• What equipement is needed?
    The kit list for a triathlon can vary depending on the distance of the race and your personal preferences, but here are some essential items that you will need: Swim: Wetsuit (if the water is cold or required by the race) Goggles Swim cap (usually provided by the event) Triathlon-specific swim suit Bike: Bicycle Helmet Cycling shoes Socks Gloves Water bottles and cages Tube bag for nutrition Sunglasses Bike pump Spare inner tube, tire levers, and patch kit Multi-tool Bike computer or GPS watch Race belt Run: Running shoes Hat or visor Socks Race belt or bib holder Transition: Towel Transition mat Bag to carry all your gear Other: Sunscreen Body Glide or other lubricant to prevent chafing Energy gels or other nutrition supplements Watch or heart rate monitor Cash or credit card for emergencies ID and race registration confirmation Race licence/insurance It's important to note that some races have specific rules or restrictions on gear, so be sure to check the race website or pack for any guidelines or requirements.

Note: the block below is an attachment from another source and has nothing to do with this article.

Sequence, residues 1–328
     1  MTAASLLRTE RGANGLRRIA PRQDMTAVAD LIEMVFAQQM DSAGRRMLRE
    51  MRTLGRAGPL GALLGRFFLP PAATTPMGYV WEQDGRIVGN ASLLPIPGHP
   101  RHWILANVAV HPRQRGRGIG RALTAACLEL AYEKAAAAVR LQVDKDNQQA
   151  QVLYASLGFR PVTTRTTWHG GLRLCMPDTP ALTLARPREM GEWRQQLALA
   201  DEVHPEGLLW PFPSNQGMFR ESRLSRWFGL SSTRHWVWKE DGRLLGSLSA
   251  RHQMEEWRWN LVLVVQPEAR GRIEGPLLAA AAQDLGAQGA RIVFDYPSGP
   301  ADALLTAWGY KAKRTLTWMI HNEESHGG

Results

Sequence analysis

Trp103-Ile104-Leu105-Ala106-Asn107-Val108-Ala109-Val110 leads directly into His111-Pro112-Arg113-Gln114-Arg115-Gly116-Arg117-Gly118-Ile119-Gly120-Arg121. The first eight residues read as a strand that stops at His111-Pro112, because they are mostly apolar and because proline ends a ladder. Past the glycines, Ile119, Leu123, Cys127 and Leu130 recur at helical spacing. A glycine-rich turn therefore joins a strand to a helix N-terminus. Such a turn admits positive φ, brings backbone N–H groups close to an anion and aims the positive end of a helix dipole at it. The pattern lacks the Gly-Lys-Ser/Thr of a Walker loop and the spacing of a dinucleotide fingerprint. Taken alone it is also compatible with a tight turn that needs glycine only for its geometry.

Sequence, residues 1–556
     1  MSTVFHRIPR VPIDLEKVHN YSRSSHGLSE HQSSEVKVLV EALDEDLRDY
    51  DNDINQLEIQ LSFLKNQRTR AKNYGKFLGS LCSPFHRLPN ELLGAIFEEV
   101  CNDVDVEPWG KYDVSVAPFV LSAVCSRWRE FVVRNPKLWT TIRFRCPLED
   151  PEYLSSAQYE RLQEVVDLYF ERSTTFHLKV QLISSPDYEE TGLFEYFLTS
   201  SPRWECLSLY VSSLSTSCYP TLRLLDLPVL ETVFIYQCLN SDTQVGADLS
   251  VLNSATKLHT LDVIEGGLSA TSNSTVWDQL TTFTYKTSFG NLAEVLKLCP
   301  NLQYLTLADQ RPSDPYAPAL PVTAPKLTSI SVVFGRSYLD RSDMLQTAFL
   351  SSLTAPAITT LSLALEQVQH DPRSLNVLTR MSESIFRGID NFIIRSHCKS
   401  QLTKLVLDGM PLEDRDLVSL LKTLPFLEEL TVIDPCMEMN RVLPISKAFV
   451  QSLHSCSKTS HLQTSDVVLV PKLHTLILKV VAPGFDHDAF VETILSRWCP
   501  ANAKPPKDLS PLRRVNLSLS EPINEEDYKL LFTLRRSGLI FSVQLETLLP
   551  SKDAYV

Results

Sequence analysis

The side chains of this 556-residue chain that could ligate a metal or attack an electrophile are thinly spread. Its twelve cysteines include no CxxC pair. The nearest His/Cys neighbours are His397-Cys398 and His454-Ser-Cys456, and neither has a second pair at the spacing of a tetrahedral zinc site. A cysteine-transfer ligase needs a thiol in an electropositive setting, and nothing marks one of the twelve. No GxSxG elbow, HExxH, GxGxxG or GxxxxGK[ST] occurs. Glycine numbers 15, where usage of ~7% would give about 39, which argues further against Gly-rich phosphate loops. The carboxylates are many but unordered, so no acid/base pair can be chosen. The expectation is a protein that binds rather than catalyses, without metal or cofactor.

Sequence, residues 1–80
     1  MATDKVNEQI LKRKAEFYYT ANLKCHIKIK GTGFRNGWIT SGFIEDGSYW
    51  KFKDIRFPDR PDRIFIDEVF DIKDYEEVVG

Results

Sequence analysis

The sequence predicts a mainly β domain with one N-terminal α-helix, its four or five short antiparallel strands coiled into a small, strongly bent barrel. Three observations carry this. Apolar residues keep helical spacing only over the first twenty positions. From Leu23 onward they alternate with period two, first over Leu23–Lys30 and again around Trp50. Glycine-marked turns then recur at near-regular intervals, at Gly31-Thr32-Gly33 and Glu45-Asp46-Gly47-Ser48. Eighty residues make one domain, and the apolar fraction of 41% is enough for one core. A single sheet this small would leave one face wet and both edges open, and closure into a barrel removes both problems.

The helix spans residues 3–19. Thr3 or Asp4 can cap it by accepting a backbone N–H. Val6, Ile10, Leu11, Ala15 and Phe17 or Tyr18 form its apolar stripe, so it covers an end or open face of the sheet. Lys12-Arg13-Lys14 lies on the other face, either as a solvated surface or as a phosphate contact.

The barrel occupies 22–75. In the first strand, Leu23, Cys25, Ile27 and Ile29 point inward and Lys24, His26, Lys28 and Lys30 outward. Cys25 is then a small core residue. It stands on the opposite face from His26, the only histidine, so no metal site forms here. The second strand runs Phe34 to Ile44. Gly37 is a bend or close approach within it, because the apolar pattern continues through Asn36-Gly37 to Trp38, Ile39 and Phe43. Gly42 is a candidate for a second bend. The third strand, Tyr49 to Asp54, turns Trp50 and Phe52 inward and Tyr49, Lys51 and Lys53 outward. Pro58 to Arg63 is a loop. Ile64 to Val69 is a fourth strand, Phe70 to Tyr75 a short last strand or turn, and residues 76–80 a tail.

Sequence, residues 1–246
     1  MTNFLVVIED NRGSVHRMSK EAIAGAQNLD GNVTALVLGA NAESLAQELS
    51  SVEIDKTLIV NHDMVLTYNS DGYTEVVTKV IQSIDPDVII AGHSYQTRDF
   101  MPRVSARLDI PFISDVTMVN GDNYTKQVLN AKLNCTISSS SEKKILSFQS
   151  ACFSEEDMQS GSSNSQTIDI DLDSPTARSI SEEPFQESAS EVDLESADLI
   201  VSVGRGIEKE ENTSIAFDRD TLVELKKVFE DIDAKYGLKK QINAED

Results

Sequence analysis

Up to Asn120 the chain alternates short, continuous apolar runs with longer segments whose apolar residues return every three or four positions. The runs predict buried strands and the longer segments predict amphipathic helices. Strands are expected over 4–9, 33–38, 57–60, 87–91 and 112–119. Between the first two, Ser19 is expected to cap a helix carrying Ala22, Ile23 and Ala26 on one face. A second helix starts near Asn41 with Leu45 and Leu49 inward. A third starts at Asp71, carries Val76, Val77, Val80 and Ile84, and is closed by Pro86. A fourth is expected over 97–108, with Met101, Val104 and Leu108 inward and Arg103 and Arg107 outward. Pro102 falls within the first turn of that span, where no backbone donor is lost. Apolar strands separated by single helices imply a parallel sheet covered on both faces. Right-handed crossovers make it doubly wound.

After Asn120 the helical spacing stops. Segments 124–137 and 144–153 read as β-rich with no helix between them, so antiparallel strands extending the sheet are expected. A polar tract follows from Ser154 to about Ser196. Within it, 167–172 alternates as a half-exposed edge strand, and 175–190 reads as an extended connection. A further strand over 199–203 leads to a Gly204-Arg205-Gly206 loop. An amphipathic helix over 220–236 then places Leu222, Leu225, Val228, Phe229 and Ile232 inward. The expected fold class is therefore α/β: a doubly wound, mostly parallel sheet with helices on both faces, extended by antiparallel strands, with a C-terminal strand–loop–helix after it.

• Where to find triathlon events
    The following links provde a good starting place to finding a great triathlon event. British Triathlon UK Triathlon Find A Race Also search for your local triathlon club, as they may well hold their own event.
  • Glossary of TrainingPeaks metrics
    The following table provides a description of the most commonly used metrics in TrainingPeaks that allow progress to be monitored and future workouts created, as part of a training plan.
  • How to sync Garmin Connect with TrainingPeaks
    Garmin Connect autosync allows completed workouts and health data to automatically sync from Garmin into TrainingPeaks. Structured workouts created in TrainingPeaks will also automatically sync to your Garmin Connect calendar and onto your compatible Garmin device. For full details on how to set up autosync, click here.